2023's Biggest Pet Trend Could Only Have Emerged in a Post-Pandemic World

A mother-daughter pair drape themselves over a cuddly Bernese Mountain dog.
Rachel Meyer / 500px/Getty Images

Have you noticed the traffic jam of canines on your sidewalk? You’ve definitely taken note of the droppings left behind by not-so-civic-minded individuals. Maybe the board even voted to add those nice little doggie waste stations with a free supply of poop bags. Your favorite coffee shop with a big “no pets allowed” sign is now home to several remote-working furry companions and every other car you pass seems to have the happy head of Golden Retriever sticking out, eating the wind. And was that a cat…on a leash?

No, you’re not imagining things. Over the height of the pandemic, the ASPCA reported that more than 23 million American households adopted a pet. And now, as the ways of early Covid life transition to a somewhat return to normalcy, we’re left wondering, who’s taking care of these pets?

The answer? Fairy dog parents, by which we mean the network of people involved in raising one pet.

There are two major factors that have created this village of caregivers. The first is the return to work and the higher-than-ever demand for pet care. The Washington Post reports, “With many doggy daycares and boarding centers nationwide reporting months-long waiting lists—and newly adopted pets often lacking the socialization for boarding—pandemic pet owners are appealing to families, friends and businesses to ensure their dogs are living their best lives, or at least not spending the day alone.”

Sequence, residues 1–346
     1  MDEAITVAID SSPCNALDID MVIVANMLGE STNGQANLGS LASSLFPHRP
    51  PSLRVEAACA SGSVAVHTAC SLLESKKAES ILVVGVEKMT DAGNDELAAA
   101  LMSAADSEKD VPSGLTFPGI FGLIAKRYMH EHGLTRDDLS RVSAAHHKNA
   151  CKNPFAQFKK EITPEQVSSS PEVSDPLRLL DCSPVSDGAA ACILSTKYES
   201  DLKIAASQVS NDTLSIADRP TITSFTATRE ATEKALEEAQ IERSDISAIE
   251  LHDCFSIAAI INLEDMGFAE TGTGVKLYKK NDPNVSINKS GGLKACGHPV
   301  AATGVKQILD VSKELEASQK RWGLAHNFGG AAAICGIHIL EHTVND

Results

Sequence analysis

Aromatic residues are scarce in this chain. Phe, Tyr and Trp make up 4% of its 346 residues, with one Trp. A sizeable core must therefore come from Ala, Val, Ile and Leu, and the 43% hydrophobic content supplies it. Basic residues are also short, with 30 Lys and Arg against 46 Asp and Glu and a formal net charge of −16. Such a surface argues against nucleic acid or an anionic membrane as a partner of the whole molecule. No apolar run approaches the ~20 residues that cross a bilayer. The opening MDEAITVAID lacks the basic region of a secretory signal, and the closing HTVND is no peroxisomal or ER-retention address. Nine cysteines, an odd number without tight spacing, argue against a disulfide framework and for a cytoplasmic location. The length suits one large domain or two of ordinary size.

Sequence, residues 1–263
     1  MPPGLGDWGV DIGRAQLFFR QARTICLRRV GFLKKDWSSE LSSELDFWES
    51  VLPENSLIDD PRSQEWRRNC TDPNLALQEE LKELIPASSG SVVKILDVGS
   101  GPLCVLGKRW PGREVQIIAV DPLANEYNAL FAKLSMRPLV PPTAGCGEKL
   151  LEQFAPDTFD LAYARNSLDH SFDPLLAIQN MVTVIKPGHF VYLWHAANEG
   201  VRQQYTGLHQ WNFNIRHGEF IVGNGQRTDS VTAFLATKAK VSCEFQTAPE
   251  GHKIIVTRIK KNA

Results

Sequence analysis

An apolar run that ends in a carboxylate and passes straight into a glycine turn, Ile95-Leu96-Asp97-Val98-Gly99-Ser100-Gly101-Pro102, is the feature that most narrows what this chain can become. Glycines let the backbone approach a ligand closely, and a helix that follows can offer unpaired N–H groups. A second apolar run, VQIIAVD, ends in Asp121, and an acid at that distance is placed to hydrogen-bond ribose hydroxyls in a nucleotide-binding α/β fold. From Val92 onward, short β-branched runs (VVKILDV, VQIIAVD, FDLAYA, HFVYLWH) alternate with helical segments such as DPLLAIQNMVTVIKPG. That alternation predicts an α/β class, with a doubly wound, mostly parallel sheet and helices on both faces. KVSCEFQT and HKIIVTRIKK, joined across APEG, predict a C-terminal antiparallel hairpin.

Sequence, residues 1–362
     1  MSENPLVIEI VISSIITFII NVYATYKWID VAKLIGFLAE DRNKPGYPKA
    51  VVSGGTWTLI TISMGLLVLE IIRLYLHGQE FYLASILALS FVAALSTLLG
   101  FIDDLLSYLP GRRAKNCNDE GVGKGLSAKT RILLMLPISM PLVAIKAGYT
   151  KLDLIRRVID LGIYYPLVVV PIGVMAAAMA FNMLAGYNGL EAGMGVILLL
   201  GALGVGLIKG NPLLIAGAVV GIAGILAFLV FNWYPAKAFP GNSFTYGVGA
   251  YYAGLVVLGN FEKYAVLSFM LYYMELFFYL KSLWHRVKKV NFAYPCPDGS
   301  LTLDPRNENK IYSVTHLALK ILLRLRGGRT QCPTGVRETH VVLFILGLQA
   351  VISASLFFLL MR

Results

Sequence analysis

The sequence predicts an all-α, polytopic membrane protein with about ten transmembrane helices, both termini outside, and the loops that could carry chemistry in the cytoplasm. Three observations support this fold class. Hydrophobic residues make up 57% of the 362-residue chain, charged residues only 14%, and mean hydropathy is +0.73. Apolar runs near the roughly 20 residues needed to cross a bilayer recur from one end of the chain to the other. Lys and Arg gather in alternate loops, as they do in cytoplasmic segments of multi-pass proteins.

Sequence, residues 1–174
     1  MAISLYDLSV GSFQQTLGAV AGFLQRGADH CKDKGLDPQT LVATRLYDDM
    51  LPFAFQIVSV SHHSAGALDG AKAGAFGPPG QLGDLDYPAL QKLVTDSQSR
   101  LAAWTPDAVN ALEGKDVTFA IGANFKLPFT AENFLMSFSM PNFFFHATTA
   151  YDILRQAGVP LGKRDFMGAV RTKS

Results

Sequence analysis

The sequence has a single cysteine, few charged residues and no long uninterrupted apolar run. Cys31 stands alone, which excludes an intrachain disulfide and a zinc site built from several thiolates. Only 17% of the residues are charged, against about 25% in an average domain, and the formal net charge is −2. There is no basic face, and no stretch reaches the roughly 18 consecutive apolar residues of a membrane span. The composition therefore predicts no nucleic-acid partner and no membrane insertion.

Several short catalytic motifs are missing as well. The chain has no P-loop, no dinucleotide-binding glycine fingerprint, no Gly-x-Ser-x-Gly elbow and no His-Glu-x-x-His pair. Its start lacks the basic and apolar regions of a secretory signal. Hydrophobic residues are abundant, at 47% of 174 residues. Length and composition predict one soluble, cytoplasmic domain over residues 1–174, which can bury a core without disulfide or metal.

The second factor is that at the height of the pandemic, a big slice of America returned to intergenerational living. Why pay high city rent when you can move back home and enjoy the fruits of communal living (aka your mom’s Sunday night spaghetti). A survey of U.S. parents and/or Generation Zers or millennials from Lending Tree found that nearly 32 percent of millennials and Gen Zers moved back with their parents. Per that same survey, as of August 2022, it seems that two-thirds remain there.

More official data is needed to understand just exactly how the pandemic affected where Americans live, why and for how long. But it’s no surprise that as young adults—specifically millennials, who are believed to have adopted pets at the highest rate during the pandemic—returned home with pets in hand, they found extra support from their “fairy dog parent” helpers. However, as family members return to “before-life,” boomers are finding themselves sharing the load—financial and emotional—of taking care of their children’s beloved pets, showering them with long walks (thank you, retirement) and homemade treats.

But the knife cuts both ways: younger generations are also helping out with pets belonging to parents or grandparents who might not be able to tend to them full-time. It’s like a pet sharing economy that benefits everyone involved. Seriously—science has repeatedly proven the benefits of pet ownership with everything from easing stress to aging better.

It’s no wonder that during this collective hardship full of fear and anxiety, we turned to our furry friends. But it’s also pretty sweet to see how they helped further connect us to our human ones.


Executive Editor, Frazzled Mom, Bravo-Holic

Dara Katz is PureWow's Executive Editor, focusing on relationships, sex, horoscopes, travel and pets. Dara joined PureWow in 2016 and now dresses so much better. A lifestyle...